Research organisations hungry for publicity feed this tendency of media towards shallowness, knowing journalists are happy to regurgitate press release material so long as there’s a sensational headline in it. Never let the facts interfere.

A June article in The Age devoted large amounts of space to scrutinising statistics that depicted market movements across one month. The article described the “the large-scale withdrawal of first home buyers as the government cut back on the boosted grant scheme” as extremely significant, even though first-home buyer activity peaked 12 months earlier, long before the Boost was phased out. It considered auction clearance rates to be pivotal, even though they describe activity in only a narrow portion of market. Clearance rates say nothing about the middle and outer ring suburbs where the bulk of a city’s sales occur, and mostly via private treaty.

The Age article claimed “the abruptness of the change in market conditions has caught some off-guard, particularly agents and vendors”. Clearly the writer has never looked at the price graphs for the inner-city suburbs of Melbourne which show that a pattern of price spikes followed by sharp decline is the norm in these volatile markets. Anyone “caught off-guard” by events in these markets is clearly not a student of history.

That kind of article is seen daily in major newspapers around the country. Many writers on real estate issues have little knowledge of the subject and compound that problem by seeking analysis from non-experts or by placing their own personal spin on events.

It results in a stream of misinformation, the like of which I have not seen in my 30 years as a specialist real estate writer and researcher. It has led to the following myths being accepted by the public as fact …

•There is a “chronic housing shortage crisis”.
•Affordability is at an all-time low.
•The prime inner-city suburbs provide the best capital growth.
•There is a housing price “bubble”.
The best way for investors to deal with this flood of misinformation is to understand that none of it matters in the overall scheme of things. Property investment requires long-term strategies.

US billionaire Warren Buffett buys investments that will serve him well even if they close the market tomorrow and don’t reopen it for five years. He pays no heed to short-term events.

I have many times quoted the 2008 words of Grant King, managing director of Origin Energy which was embarking on a $9.5 billion coal seam gas deal with US energy giant Conoco Phillips amid the GFC carnage. Making that commitment at such a time has astounded those who believed the world was about to end. But King said: “We make investment decisions in assets that have economic lives of 30 years or more. And so cycles that play out over a year or two are basically irrelevant. We’re fundamentally driven by the long-term view.”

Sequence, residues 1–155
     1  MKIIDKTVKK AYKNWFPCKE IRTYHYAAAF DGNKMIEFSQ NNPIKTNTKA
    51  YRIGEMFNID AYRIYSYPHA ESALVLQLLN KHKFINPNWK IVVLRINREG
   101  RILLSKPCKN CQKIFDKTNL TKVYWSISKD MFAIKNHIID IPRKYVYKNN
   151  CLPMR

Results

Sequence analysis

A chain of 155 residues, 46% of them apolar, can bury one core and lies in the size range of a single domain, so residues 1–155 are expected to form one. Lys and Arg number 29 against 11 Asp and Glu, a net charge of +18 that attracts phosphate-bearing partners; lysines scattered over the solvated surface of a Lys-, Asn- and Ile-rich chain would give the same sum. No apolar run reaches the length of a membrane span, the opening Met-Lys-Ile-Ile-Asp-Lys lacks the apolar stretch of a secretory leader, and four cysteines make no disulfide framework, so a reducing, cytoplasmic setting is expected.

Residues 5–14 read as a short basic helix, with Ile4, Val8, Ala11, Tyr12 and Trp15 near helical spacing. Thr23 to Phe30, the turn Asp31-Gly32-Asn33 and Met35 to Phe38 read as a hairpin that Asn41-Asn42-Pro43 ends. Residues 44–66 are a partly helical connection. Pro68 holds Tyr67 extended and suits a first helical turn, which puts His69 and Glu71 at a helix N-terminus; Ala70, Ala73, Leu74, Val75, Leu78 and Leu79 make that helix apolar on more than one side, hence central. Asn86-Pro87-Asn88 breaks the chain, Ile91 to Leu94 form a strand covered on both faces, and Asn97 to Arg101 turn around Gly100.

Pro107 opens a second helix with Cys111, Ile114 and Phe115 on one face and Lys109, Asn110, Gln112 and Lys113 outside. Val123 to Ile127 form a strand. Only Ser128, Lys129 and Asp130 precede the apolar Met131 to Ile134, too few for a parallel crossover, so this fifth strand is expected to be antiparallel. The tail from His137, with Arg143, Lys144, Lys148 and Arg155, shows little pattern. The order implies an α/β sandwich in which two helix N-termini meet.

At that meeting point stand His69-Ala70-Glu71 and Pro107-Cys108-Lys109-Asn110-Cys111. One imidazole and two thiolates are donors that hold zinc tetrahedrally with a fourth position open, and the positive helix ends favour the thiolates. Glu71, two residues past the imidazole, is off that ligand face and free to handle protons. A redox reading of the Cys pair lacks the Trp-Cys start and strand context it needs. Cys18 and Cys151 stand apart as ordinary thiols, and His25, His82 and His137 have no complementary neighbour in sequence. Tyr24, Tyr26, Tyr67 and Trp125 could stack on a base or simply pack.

That attitude applies equally to real estate. If you don’t think like that, find something different to do with your money.

Feature topic: You won’t achieve your investment goals if you just follow the crowd

You can recognise average Australian real estate consumers by their defining characteristic: they will be doing the opposite of what makes sense.

They will sell when they should be buying and they will buy at the peak of a boom.

Australian property consumers are pack animals. They like to be part of the herd. They don’t really mind if the herd is stampeding towards a cliff-edge. They’d rather die painfully than act individually.

The auction frenzy that consumed Melbourne in the early part of 2010 is a standout example of the herd mentality that drives real estate behaviour. The ritzy suburbs of Melbourne’s inner south-east periodically go ballistic. Buyers who get caught up in the euphoria pay far too much for prestige homes and regret it later. Being pack animals, they charge in because that’s what the herd is doing.

Following the herd removes the need to think or plan. There is security in numbers and the safety of knowing that it must be the right path if so many are following it.

By the middle of June, there were signals that the frenzy was evaporating. That was when sellers decided to do the opposite of what makes sense: they started clamouring to put their properties on the market. Just as sales levels were waning, sellers were listing their homes in record numbers.

None of this makes any sense. The properties that buyers were so desperate to secure in March, April and May, sat there attracting no interest throughout 2009. Anyone with the strength and wisdom to move against the herd would have been buying then, securing homes at much lower prices.